Erwin Chemerinsky: The Constitution, Obama and raising the debt ceiling
Lately, everywhere I go, people ask the same question: Isn't there some mechanism for the president to act unilaterally to raise the debt ceiling and avoid financial disaster?
Hopes are usually pinned on an obscure constitutional provision, Section 4 of the 14th Amendment, which says: "The validity of the public debt of the United States, authorized by law, including debts incurred for payments of pensions and bounties for services in suppressing insurrection or rebellion, shall not be questioned."
Unfortunately, there is no plausible way to read this provision as providing the president the ability to increase the debt ceiling without congressional action.
Article I, Section 8 of the Constitution says that it is Congress that has the power "to borrow money on the credit of the United States." The Constitution thus could not be clearer that borrowing money requires congressional action. Nothing in Section 4 of the 14th Amendment takes this power away from Congress or assigns it to the president. Section 4 of the 14th Amendment says only that the debt of the United States shall not be questioned; it says nothing about who gets to determine the size of the debt or in any way shifts this power from the legislature to the executive.
The power of the purse -- including the authority to tax, spend and borrow -- is quintessentially legislative. Not even a dire financial emergency would allow the president to take this over. The Constitution, thankfully, has no provision allowing for its suspension even in times of crisis.
Moreover, the debt ceiling is set by statute. Unless this law is unconstitutional, which it obviously isn't, the president cannot unilaterally repeal it and replace it with another law setting a higher debt ceiling.
Historical practice also matters in interpreting the Constitution. On many occasions, the Supreme Court has said that a long, unbroken tradition is given great weight in determining the Constitution's meaning. As the court often has said, "History has placed a gloss on the Constitution." Throughout American history, the debt ceiling always has been set and raised by statute, not executive decision-making.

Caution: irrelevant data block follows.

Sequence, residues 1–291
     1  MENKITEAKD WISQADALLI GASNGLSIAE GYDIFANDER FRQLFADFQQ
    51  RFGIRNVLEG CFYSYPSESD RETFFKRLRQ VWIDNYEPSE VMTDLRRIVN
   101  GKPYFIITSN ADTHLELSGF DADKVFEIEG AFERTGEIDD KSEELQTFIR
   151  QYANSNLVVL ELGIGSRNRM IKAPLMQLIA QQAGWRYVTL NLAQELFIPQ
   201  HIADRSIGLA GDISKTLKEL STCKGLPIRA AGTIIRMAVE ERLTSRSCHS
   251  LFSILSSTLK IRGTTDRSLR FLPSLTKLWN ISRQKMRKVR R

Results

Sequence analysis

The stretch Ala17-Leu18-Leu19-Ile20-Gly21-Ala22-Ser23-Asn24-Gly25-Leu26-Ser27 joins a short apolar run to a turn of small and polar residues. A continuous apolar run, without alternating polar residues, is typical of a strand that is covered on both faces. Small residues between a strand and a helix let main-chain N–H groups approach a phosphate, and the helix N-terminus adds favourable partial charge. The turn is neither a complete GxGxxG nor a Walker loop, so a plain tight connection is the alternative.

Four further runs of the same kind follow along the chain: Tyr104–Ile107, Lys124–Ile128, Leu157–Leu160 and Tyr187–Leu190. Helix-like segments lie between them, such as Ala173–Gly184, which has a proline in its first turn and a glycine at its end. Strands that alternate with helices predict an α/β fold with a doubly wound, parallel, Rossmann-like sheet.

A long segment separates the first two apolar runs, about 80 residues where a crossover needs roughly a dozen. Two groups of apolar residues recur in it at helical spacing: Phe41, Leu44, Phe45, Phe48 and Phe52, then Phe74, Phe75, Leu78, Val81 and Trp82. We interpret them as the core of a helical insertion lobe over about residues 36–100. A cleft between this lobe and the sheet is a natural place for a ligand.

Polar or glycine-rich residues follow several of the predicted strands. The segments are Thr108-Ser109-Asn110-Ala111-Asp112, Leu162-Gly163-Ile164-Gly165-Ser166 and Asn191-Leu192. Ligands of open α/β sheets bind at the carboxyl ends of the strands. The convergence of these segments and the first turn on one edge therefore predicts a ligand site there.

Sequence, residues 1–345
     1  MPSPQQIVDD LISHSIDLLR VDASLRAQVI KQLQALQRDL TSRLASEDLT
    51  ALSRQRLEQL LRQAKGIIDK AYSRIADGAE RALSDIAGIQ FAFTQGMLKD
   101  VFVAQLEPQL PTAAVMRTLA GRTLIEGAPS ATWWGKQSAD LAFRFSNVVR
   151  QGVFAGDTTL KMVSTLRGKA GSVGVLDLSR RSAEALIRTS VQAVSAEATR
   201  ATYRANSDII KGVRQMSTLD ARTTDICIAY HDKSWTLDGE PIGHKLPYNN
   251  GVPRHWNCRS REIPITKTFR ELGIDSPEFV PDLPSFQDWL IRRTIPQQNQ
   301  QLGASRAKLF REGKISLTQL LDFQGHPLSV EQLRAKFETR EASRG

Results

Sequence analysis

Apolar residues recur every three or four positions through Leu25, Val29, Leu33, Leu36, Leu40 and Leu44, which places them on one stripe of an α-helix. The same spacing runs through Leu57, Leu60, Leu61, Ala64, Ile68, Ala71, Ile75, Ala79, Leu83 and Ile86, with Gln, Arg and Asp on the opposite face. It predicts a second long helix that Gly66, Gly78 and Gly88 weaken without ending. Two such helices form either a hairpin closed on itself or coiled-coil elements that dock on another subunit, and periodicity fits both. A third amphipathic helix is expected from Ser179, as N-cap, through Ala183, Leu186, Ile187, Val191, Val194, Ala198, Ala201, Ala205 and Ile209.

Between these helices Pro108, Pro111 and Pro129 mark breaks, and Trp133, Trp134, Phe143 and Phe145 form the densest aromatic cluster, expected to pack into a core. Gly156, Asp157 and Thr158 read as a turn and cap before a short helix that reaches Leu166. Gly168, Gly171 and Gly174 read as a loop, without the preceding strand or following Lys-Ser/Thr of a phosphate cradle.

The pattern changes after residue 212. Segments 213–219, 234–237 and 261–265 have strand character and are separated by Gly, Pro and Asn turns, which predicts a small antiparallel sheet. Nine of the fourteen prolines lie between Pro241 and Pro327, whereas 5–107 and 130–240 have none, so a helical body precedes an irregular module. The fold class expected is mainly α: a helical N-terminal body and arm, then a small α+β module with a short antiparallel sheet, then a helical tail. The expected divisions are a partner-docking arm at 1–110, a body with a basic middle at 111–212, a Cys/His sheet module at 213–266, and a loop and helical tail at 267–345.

Unilateral presidential action to raise the debt ceiling also would not solve the financial mess caused by congressional inaction. If the president acted on his own to increase the debt ceiling, the bonds that would then be issued would certainly be questioned and challenged in court. During this time, it is unlikely that this questionable borrowing would satisfy credit markets or rating agencies. It is estimated that decreasing the credit rating of the United States from AAA to AA would cost the federal treasury $100 billion a year in additional interest payments, to say nothing of the higher interest rates everyone in the country would pay on loans. It is highly doubtful that unilateral presidential action would provide sufficient confidence to rating agencies to avoid this dire consequence.
I wish it were otherwise and that the president could simply increase the debt ceiling and make this issue go away. It is a financial crisis that could easily be avoided, as it always has been in the past, by Congress routinely increasing the debt ceiling. But there is no reasonable way to interpret the Constitution that allows the president to do this on his own.
This whole mess is so silly and so unnecessary that it almost makes one despair of democracy as a form of government. But as Winston Churchill said: "No one pretends that democracy is perfect or all-wise. Indeed, it has been said that democracy is the worst form of government except all those other forms that have been tried from time to time."
We must hope that our democratically elected government will act in the next few days and avoid financial disaster. But under any interpretation of the law, that will take congressional action.
--Erwin Chemerinsky, dean of the UC Irvine School of Law
Photo: President Obama speaks on the debt-ceiling debate from the East Room of the White House on July 25. Credit: Jim Watson / Getty Images